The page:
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Using Digital Storytelling in Education
By Linda Abel
APRIL 13, 2009 | The University of Wisconsin-River Falls Learning Technology Development Council (LTDC) is planning a three-day digital storytelling workshop this summer.
Mary Wright, an assistant professor of teacher education in the College of Education and Professional Studies, held an informative seminar in February about the summer workshops and introduced the concept of digital storytelling used in education.
“Digital storytelling is a multimodal approach to meaningful narrative from many perspectives, layered with rich and vocative imagery, audio and video,” says Wright. “It is often a transformative experience for both the storyteller and the recipient.”
The purpose of the three-day workshop will be to inform faculty about the use of digital storytelling in their field of work. During the workshop attendees will create their own digital story, which combines still photos, audio, video and a personal voice. Upon finishing the workshop, participants will be able to incorporate digital storytelling into their field of work, understand new literacies and how to apply them to education, and complete a digital story on a CD/DVD.
Six-faculty members from throughout the UW System will be invited to attend the workshop, which is being sponsored by a grant from the LTDC.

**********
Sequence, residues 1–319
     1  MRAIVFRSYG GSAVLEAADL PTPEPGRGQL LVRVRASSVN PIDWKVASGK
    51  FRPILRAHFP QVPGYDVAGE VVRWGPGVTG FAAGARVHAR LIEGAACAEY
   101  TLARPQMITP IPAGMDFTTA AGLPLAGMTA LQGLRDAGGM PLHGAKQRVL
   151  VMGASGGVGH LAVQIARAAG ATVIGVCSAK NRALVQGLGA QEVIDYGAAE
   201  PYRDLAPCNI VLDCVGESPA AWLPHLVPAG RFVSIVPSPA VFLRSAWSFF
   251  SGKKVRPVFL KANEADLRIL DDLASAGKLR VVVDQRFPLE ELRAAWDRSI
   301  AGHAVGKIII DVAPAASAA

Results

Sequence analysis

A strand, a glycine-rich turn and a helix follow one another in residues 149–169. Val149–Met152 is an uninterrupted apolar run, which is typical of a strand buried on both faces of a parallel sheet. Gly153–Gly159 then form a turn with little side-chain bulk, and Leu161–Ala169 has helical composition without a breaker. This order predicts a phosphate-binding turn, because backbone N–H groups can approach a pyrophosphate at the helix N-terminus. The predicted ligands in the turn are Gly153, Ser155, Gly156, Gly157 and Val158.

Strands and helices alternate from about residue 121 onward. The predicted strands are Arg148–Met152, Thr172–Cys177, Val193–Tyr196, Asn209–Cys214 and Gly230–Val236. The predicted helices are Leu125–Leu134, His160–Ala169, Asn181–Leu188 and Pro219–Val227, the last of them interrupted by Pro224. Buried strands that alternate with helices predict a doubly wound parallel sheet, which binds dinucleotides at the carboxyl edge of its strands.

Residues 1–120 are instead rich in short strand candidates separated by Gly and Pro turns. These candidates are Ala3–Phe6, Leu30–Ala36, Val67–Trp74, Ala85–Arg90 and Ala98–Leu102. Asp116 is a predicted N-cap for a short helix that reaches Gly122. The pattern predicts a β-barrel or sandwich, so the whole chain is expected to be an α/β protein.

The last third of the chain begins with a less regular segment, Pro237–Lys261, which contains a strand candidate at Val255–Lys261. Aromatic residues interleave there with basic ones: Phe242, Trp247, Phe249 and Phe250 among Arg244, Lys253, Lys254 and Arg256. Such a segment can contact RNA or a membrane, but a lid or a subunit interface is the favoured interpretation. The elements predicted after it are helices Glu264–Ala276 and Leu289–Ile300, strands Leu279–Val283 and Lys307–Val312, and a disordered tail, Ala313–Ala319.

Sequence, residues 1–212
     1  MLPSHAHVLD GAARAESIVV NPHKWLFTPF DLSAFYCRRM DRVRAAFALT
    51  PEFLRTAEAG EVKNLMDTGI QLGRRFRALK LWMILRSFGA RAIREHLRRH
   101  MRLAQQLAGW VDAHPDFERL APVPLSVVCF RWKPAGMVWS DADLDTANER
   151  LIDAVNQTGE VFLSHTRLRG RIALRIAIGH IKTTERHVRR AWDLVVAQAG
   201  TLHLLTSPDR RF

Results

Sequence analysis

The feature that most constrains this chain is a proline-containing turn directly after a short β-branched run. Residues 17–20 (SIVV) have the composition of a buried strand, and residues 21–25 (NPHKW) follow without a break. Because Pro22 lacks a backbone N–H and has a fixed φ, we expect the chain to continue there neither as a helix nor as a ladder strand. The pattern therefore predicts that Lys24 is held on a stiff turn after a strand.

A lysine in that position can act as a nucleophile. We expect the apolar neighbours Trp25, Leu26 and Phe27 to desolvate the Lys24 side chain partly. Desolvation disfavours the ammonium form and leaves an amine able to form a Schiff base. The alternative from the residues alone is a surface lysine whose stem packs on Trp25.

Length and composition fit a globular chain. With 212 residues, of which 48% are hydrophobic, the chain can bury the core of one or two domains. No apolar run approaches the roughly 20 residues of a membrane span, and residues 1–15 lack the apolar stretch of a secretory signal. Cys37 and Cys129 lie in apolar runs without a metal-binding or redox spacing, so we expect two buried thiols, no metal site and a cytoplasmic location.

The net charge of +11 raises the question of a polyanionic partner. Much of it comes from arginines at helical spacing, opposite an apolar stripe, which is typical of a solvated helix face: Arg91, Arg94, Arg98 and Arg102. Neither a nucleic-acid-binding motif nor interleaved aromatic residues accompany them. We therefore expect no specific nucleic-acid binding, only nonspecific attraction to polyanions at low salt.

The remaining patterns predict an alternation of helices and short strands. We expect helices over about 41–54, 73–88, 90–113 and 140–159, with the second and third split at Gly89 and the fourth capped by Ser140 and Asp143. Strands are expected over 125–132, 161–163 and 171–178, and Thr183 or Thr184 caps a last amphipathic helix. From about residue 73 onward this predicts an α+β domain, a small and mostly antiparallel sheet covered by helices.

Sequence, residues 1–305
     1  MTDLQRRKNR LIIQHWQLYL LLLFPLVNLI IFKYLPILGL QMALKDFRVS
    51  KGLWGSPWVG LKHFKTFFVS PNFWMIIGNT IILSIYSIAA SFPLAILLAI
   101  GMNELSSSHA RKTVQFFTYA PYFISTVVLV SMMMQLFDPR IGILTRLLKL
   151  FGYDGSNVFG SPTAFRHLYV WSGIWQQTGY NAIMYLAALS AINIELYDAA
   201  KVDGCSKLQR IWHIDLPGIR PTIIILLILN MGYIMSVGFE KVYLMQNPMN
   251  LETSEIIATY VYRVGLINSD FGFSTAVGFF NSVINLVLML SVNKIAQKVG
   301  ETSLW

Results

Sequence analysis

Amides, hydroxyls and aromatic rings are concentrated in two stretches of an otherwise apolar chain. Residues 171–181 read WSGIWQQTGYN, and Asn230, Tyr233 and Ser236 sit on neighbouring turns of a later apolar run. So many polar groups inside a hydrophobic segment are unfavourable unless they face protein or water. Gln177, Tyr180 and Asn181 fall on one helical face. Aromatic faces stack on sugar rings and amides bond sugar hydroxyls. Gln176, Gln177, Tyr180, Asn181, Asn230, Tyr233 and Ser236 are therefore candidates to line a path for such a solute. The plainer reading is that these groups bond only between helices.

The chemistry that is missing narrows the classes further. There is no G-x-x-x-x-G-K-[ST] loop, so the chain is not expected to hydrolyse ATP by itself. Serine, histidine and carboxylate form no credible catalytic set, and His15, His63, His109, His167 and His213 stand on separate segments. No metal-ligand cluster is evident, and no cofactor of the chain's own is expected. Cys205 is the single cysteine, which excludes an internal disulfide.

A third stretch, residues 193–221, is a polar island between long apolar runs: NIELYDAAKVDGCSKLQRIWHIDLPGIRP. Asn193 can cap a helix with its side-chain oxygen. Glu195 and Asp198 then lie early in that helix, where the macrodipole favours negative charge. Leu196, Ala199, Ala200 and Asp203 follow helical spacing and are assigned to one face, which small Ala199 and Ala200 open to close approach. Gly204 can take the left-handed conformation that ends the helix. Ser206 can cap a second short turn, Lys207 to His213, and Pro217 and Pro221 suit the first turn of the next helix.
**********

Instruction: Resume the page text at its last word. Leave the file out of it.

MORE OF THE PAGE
“As of now the workshop is closed to the public for financial reasons, but we would like to expand its availability to other educators in years to come,” says Wright.
As communication, education and training increasingly employ technologies such as videos, YouTube, blogs, podcasts and others, it is becoming essential to use digital storytelling to provoke classroom discussion and broaden the range of learning tools, says Wright.
Digital storytelling is already being incorporated into the classrooms at UWRF. Leland Lueck, a lecturer in the department of teacher education, has been using digital storytelling in his classes for two years.
“At first, I simply used Powerpoint productions in my teacher education classes. Then three semesters ago, I began using free online open base sites, such as Garageband and Audacity, to have my students create autobiographies which incorporated audio and video,” says Lueck.
Lueck continues to use digital storytelling in many forms throughout his lectures. He says it is a great supplemental way to get a message across in the classroom or in online courses. “This is great for any instructor teaching an online course. Students can rewind the video, pause it, or boot up the actual program.”
Thursday, 22-Apr-2010 16:09:33 Central Daylight Time
University of Wisconsin - River Falls